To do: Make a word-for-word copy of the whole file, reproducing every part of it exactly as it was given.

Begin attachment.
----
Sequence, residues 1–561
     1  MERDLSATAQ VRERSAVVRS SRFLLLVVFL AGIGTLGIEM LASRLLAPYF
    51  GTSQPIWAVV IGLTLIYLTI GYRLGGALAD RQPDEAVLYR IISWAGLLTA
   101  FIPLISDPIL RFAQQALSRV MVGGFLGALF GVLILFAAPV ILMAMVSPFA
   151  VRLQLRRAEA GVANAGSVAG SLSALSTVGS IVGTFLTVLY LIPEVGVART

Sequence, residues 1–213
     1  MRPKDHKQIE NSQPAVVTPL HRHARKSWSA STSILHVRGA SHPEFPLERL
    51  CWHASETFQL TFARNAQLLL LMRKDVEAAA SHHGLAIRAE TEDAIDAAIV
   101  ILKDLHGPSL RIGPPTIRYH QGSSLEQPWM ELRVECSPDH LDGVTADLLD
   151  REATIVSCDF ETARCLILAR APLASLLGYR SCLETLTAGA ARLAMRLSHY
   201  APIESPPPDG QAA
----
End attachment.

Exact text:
Sequence, residues 1–561
     1  MERDLSATAQ VRERSAVVRS SRFLLLVVFL AGIGTLGIEM LASRLLAPYF
    51  GTSQPIWAVV IGLTLIYLTI GYRLGGALAD RQPDEAVLYR IISWAGLLTA
   101  FIPLISDPIL RFAQQALSRV MVGGFLGALF GVLILFAAPV ILMAMVSPFA
   151  VRLQLRRAEA GVANAGSVAG SLSALSTVGS IVGTFLTVLY LIPEVGVART

Sequence, residues 1–213
     1  MRPKDHKQIE NSQPAVVTPL HRHARKSWSA STSILHVRGA SHPEFPLERL
    51  CWHASETFQL TFARNAQLLL LMRKDVEAAA SHHGLAIRAE TEDAIDAAIV
   101  ILKDLHGPSL RIGPPTIRYH QGSSLEQPWM ELRVECSPDH LDGVTADLLD
   151  REATIVSCDF ETARCLILAR APLASLLGYR SCLETLTAGA ARLAMRLSHY
   201  APIESPPPDG QAA